Women fighting to show a change in pension age qualification for women born in the 1950s was discriminatory have lost their Court of Appeal case today (September 15.
A legal challenge to the way the Government changed the pension age for women was dismissed by the High Court last year with a finding in favour of the government.
In June 2019 the Backto60 campaign group brought the judicial review case to the Divisional Court, which examined whether 3.9 million women born in the 1950s were appropriately communicated with regarding changes to the state pension age that result in a later retirement.
They were calling for this cohort of women to receive their state pension from the age of 60. There action was supported by other women’s pension rights groups including Waspi (Women against state pension injustice).
Up until 2010 women were eligible for their state pension when they reached the age of 60 but changes have seen this rise with the age at which women qualify for the state pension moving up to 65. In October this is due to rise to 66 for both men and women. It will rise again for men and women to 67 between 2026 and 2028 and to 68 by 2046.
Backto60 campaigners say women born in the 1950s have been unfairly hit, did not receive proper notice and many have been left in poverty. The group has taken several avenues of legal action and wants reparation for the years of pension that women have lost out on.
The group had vowed to take the case to the Supreme Court if the appeal court bid failed.
But a summary of the High Court judgement by Lord Justice Irwin and Mrs Justice Whipple said: “There was no direct discrimination on grounds of sex, because this legislation does not treat women less favourably than men in law.”
The government says the aim is to bring the retirement age for men and women in line. Increasing life expectancy means the government needs to make pension payments later in a person’s life.
Backto60 launched a campaign to raise £72,000 to be able to bring an appeal.
The main issue in the appeal was whether the Pensions Acts enacted between 1995 and 2014 which equalised the state pension age for men and women and then raised the state pension age for both genders gave rise to unlawful discrimination either directly on the basis of age or indirectly on the basis of gender or a combination of age and gender.
The appeal also raised the question whether the government was under an obligation to notify the affected women of the changes to their pension age and whether the delay in bringing the challenge ruled out the grant of any remedy if Backto60 had succeed.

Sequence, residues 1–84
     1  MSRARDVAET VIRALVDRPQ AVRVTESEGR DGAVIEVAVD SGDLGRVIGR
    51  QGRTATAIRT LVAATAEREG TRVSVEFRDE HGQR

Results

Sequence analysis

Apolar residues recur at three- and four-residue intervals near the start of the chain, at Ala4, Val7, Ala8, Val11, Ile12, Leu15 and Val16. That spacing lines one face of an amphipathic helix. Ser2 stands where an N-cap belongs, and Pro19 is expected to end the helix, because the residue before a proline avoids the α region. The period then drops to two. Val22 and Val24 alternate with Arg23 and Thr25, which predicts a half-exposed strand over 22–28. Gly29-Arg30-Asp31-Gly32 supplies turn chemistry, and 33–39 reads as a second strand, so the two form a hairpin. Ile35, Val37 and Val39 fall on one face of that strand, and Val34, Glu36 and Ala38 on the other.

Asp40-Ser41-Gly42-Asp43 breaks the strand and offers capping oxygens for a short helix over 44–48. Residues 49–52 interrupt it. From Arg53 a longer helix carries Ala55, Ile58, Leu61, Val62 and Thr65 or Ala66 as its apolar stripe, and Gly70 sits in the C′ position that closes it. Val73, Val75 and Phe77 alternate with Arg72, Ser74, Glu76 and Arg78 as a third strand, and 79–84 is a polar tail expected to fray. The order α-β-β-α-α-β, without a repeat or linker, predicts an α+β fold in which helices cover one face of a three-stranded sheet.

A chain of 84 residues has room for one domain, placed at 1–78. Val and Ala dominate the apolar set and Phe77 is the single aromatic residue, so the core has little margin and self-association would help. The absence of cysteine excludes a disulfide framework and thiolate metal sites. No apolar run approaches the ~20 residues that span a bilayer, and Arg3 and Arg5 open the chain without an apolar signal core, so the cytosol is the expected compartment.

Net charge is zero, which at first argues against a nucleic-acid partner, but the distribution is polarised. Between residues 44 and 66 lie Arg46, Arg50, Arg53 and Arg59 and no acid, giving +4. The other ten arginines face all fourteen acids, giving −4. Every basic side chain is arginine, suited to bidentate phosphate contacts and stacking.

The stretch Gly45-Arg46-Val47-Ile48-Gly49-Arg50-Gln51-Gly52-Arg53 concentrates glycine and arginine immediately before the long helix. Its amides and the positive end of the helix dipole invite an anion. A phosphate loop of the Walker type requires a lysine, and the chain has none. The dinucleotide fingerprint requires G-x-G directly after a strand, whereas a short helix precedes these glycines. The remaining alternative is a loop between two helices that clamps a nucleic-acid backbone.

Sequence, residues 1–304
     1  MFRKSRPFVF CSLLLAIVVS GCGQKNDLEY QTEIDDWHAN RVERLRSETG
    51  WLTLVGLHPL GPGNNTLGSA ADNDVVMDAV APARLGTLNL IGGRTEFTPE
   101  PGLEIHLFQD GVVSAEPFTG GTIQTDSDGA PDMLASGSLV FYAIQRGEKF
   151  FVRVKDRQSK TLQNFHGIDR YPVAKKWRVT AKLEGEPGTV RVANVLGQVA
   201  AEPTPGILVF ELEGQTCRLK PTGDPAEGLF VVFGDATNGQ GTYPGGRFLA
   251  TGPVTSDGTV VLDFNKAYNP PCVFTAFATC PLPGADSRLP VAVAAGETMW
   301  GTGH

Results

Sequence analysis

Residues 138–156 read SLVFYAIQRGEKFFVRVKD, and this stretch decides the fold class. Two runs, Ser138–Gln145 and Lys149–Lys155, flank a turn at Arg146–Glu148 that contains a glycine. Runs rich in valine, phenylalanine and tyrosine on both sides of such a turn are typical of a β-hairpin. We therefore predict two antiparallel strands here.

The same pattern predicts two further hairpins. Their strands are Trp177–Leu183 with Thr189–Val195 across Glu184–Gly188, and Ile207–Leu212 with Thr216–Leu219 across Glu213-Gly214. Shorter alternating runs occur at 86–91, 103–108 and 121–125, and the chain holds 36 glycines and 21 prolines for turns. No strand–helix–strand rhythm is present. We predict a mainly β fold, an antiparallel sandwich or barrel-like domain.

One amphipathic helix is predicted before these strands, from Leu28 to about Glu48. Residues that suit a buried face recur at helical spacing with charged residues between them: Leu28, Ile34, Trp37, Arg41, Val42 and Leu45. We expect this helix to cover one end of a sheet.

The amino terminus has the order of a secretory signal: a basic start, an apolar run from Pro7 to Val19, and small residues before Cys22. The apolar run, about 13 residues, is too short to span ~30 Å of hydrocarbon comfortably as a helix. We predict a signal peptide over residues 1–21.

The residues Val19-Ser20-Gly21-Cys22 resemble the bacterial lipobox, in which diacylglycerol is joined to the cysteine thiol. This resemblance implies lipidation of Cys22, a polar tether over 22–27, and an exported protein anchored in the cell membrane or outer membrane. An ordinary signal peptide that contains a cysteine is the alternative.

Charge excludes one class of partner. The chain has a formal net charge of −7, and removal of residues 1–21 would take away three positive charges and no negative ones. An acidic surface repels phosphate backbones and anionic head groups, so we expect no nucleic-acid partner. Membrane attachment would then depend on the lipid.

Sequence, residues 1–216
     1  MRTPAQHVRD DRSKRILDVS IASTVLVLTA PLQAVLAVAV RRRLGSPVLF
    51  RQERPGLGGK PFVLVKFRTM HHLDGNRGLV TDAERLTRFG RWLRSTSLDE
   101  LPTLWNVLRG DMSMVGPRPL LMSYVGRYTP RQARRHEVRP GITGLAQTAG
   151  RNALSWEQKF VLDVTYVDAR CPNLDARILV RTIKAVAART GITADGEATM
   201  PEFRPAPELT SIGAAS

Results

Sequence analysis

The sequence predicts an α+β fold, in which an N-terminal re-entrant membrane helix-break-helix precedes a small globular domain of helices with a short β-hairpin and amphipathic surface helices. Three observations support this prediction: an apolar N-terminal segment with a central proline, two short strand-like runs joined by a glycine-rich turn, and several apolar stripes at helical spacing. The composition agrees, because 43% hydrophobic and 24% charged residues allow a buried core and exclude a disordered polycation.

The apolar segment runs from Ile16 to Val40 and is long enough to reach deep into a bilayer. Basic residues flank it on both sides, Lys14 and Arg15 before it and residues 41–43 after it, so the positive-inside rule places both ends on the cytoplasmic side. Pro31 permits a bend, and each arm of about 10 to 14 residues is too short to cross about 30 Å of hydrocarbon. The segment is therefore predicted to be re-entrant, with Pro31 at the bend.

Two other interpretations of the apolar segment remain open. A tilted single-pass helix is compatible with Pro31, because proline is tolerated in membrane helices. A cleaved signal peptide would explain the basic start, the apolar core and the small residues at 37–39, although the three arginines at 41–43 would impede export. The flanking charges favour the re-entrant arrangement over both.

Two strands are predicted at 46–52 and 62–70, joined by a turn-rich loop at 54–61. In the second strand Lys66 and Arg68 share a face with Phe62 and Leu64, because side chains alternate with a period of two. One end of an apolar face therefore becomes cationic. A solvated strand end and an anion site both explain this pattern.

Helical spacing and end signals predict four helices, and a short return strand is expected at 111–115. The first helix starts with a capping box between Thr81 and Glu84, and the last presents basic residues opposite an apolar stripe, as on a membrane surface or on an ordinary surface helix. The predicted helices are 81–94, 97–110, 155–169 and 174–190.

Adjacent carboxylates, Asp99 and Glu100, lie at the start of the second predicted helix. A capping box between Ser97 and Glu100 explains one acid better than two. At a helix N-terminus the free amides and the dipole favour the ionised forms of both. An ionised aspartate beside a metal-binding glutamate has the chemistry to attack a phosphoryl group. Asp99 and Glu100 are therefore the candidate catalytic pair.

Today the decision by Master of the Rolls, Sir Terence Etherton, Lord Justice Sir Nicholas Underhill, and Lady Justice Dame Vivien Rose was not in favour of the Backto60 bid.
A summary of the decision said the appeal was dismissed unanimously and “adopting the same state pension age for men and women does not amount to unlawful discrimination under either EU law or the Human Rights Convention.”
The court also ruled that the appeal had been brought application “ substantially out of time.”
It added: “The Court upholds the Divisional Court’s conclusion that the legislation equalising and then raising the state pension age was justified.”
The case was brought by Julie Delve and Karen Glynn, on behalf of the Backto60 campaign. The pension age changes have impacted around 3.8 million women born in the 1950s.
Backto60 campaign leader Joanne Welch said today: “Both Boris Johnson and Keir Starmer have spoken about the injustice to which 50s women have been subjected. Yet DWP challenges an indefensible and pays the ‘Treasury Devil’ and his 13 strong team with taxpayers’ funding to say the opposite at Court of Appeal? Really?”
A Waspi campaign, statement says: “The decision is another kick in the teeth for the 3.8million women born in the 1950s who have been denied several years of state pension we have paid into throughout our working lives and have had their retirement dreams shattered.
“It seems the British justice system is incapable of recognising that we have clearly been treated unfairly. They also appear to fail to recognise the devastation and despair suffered by women and their families and the serious hardship they now continue to face.
“We are grateful to the Backto60 campaign and their legal team for taking this case. We look forward to hearing their response as to whether there are grounds to appeal today’s decision.”
Waspi East Kent coordinator Penny Anne Wells said: “After five years of campaigning I am very disappointed that the injustice has not been recognised. Women born in 1950s deserved adequate notice of the rise in their pension age and recognition of the gender discrimination experienced by their generation.
“I take heart in knowing the campaign and its members have been able to offer emotional support and friendship to each other. The Waspi campaign has been formidable and I hope that at the very least it will make government more mindful to consider the impact of legislation for women and be a warning that when necessary women will stand and fight injustices in the future.”
Backto60 has been contacted for comment.